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Ok, So I have been stalled in my latest non-work project, trying to use WPF. I am just frankly annoyed at databinding. I thought it was supposed to make things simpler by binding data directly to the UI. But the more I learn about having to implement INotifyPropertyChanged to get things to notify the UI if they changed, seems to make the whole thing counter productive.

Am I missing something? It seems like a bunch of work and having to make the classes implemented INotifyPropertyChanged seems like a fishy way to get databinding to work.

What am I missing? I must be missing something. Please enlighten me into how to make databinding easy, or at the least straightforward.

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up vote 4 down vote accepted

If you want the UI be notified when the underlying data source changes, then you need some sort of notification mechanism. For WPF, INotifyPropertyChanged is that mechanism.

It's the same in Windows Forms as well, but Windows Forms also supports the old notification mechanism, where you have an event with the name <Property>Changed.

However, neither of these required these mechanisms if all you want to do is bind to the data once and display it.

If you are ok with not receiving notifications, then just bind to the data source and it will work.

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So any time a property of a class changes we have to have it raise the PropertyChanged event? That seems tedious. What if we don't even have the code for the class we want to bind to? Does this not get messy? – Alex Baranosky Feb 20 '09 at 21:26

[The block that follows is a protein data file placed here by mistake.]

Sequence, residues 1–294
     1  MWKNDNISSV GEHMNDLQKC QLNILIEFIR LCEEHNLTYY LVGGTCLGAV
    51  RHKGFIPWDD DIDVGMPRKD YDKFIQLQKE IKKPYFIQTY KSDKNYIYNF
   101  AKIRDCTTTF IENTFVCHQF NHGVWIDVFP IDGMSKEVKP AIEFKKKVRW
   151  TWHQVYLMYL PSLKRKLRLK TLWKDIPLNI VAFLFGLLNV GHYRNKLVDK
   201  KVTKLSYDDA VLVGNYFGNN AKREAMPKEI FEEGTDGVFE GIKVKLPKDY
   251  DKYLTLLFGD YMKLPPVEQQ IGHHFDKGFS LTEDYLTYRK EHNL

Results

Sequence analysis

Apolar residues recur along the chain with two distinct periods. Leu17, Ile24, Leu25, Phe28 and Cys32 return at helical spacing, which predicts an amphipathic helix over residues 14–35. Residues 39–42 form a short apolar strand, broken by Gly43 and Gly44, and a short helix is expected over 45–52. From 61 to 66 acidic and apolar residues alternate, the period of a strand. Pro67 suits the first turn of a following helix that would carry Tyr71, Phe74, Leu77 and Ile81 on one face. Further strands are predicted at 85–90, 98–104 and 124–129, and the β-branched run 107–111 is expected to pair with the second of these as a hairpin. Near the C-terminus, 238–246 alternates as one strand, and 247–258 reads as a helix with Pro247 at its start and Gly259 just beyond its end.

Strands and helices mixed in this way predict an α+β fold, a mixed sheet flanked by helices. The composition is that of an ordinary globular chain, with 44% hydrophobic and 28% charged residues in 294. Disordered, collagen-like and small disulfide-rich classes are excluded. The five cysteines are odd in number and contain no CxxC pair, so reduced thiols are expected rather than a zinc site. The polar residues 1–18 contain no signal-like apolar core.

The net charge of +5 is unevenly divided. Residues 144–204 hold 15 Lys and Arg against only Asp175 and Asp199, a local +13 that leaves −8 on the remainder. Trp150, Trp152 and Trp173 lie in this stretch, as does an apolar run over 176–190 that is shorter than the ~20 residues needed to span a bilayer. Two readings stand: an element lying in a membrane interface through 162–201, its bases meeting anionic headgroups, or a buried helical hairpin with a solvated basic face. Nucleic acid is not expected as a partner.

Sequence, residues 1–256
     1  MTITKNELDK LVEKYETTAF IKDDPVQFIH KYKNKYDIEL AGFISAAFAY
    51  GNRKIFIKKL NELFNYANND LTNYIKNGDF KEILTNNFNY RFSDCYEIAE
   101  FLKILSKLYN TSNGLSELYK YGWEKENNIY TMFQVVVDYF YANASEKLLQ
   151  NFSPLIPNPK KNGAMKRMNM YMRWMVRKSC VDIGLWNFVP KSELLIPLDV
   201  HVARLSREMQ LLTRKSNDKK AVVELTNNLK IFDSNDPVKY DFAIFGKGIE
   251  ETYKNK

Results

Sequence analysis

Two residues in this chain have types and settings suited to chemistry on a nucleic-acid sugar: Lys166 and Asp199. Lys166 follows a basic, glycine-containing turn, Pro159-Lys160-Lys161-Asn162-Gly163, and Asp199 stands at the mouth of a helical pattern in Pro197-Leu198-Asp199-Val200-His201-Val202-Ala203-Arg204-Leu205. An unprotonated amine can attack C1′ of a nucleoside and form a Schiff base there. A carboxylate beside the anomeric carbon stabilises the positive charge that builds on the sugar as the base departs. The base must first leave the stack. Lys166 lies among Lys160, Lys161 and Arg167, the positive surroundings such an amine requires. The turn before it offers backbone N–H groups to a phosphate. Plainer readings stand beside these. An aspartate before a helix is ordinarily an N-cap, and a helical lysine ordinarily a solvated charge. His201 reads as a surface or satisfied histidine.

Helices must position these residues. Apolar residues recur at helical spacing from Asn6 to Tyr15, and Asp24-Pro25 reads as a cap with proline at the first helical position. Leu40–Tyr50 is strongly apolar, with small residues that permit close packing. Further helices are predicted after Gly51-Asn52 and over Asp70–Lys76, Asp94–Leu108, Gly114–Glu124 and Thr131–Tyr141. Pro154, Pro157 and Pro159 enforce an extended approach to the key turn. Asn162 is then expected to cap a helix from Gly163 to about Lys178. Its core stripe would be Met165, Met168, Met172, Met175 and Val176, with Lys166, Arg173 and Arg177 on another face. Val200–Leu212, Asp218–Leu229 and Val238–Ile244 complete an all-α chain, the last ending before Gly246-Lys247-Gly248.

GordonG, this is where the Model-View-ViewModel pattern is highly recommended. Your ViewModel (middle layer) essentially handles this by allowing you to re-expose the underlying Model properties, but your View databinds to the ViewModel's re-exposed properties (NOT the model's!). – Adrian Feb 20 '09 at 21:31
    
(continued from above) Your ViewModel implements INotifyPropertyChanged and for 'get' calls you just return the underlying model's value per-property, but on 'set' calls, you both set the underlying model's property value AND you fire PropertyChanged so the View sees the updated value. – Adrian Feb 20 '09 at 21:32

Truth be told, I haven't seen that it was that bad, and think it a highly workable solution.

Take this simple, Data Model object:

Public Class SimpleItemViewModel
Implements INotifyPropertyChanged

Private _item As String 
Public Property Item As String
   Get 
       return _item 
   End Get 
   Set (value as string) 
      _item = value : OnPropertyChanged("Item") 
   End Set 
End Property 

Protected Overridable Sub OnPropertyChanged(propChange as string) 
   Raise Event PropertChanged(me, new PropertyChangedEventArgs(propChange))
End Sub 
Public Event PropertyChanged(sender as object, e as PropertyChangedEventArgs)
End Class

That is easily bound to a simple Textbox via:

<Textbox Text="{Binding Item}" />

additionally, if I wanted to have a DIRTY flag, I can easily put the flag being set in the OnPropertyChanged sub, and easily determine if I need to save any user changes or not.

I have found it easiest to have a set of classes which rest between the Data Access layer and the UI which holds this stuff. You can even have your Business Logic and DAL pass these classes around rather than the atomic values.